Teaching Can Be Fun
All children are different, but it’s important to prepare them to fight if the situation calls for it. My kids always enjoyed these little fight sessions. We had a large lifelike punching bag set up in the garage. I’d work with them on the proper way to throw a palm heal strike to the nose and how to deliver a kick to the groin. I’d let them scream at the top of their lungs while they attacked the bag. I encouraged them to be as aggressive as they wanted; nothing was off-limits. They always had a blast doing this type of thing, but I always made sure they understood the context. These types of actions are a last resort, and they’re to be used only when you feel you are in danger. Just like the girl in this story, you have to understand that sometimes things can catch you off guard. You have to prepare your children to defend themselves violently should the need arise. It may not be something you’re comfortable with, but it could possibly save their lives.
Eight steps to instilling accountability in your teen:
- Demonstrate personal responsibility: Role modeling is the most effective tool parents have for teaching their teens anything. Any value you want your teen to have, demonstrate it in your every- day life.
- Create a culture of accountability in your family: If you want an accountable teen, then each member of your family must be responsible for their actions and behaviors, each family member must be responsible for following rules and expectations, and each must be responsible for how they respond to stressful or frustrating situations.
- Establish boundaries: You must provide your children clear and firm rules and expectations, so they are aware of the consequences of their actions. Your teen must know that if they choose to break the rules, there will be a consequence for that choice.
- Be involved in their life: Learn about their interests and attend their activities. Showing that you care about and support your teen helps them feel valued, and this, in turn, makes them more eager to engage with you and want to please you.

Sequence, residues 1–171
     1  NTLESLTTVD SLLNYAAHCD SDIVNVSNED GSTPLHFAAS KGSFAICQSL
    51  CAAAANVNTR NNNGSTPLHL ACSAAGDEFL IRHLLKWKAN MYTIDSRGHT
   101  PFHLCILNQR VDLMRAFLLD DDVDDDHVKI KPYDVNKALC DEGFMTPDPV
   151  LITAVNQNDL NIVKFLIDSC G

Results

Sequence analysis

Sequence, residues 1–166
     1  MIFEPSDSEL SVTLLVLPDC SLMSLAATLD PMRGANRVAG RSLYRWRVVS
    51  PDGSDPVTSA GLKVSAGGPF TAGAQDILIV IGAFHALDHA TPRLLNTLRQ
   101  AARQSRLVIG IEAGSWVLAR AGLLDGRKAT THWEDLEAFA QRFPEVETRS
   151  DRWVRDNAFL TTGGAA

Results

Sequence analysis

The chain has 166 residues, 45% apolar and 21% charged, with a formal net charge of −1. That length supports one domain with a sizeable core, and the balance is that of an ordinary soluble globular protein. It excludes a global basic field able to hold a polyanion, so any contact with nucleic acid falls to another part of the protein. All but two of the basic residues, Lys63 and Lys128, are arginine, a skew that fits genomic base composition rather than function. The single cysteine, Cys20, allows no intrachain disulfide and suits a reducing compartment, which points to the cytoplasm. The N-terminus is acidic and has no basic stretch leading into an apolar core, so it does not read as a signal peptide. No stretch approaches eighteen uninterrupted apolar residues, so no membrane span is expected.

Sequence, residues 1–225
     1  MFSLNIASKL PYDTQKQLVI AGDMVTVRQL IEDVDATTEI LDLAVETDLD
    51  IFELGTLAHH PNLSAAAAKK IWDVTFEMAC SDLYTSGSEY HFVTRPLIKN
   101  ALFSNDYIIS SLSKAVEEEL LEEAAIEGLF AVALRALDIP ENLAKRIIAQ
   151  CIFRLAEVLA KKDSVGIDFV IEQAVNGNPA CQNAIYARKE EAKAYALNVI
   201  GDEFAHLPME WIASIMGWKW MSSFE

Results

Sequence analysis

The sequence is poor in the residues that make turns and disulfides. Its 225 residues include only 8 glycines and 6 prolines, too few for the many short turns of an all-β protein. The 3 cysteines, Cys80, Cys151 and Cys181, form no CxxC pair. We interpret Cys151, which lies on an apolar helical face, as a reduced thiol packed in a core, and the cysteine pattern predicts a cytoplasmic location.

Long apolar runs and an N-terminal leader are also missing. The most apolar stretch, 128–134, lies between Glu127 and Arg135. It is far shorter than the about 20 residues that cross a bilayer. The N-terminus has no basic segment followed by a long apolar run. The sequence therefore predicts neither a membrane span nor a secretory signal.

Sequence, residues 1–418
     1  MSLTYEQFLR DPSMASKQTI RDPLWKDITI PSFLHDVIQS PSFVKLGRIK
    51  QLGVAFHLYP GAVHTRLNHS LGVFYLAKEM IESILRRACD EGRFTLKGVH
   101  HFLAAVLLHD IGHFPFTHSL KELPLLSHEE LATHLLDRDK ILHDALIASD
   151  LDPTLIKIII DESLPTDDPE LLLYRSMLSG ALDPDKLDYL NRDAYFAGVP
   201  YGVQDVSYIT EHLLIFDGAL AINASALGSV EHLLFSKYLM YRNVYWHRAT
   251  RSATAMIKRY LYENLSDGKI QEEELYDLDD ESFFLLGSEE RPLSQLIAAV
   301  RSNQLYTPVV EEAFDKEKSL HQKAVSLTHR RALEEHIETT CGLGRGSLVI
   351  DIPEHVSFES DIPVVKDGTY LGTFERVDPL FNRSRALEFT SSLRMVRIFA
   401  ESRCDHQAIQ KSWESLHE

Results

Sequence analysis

- But don’t be overinvolved: There is a fine line between showing your teen that you support them and micromanaging their lives. As parents, many of us do things for our kids today that we were able and expected to do for ourselves when we were children.
- Refrain from rescuing your teen: When your child is a teenager, your role becomes more of a coach. You want to guide and support your teen through their difficulty while still allowing them to discover their own capabilities. If we step in, we stop the learning process and deprive our teens of the chance to develop the courage they’ll need to try new things and solve problems.
- Allow natural consequences: No matter how painful, you must let your teen be responsible for the good and bad decisions they make. It might feel cruel, but it’s the very best parenting you can offer.
- Praise them when they demonstrate responsibility: Positive reinforcement of your teen’s actions to show responsibility will encourage them to continue the behavior. Never underestimate the power of a compliment
1.“Man Who Attempted to Rape and Kidnap Sixteen-Year-Old Girl Arrested,” Komonenews.com.
The above is an excerpt from Spotting Danger Before It Spots Your Teens: Teaching Situational Awareness to Keep Teenagers Safe by Gary Quesenberry, Federal Air Marshal (Ret.), Publication date April 1, 2022, YMAA Publication Center, ISBN: 9781594398681.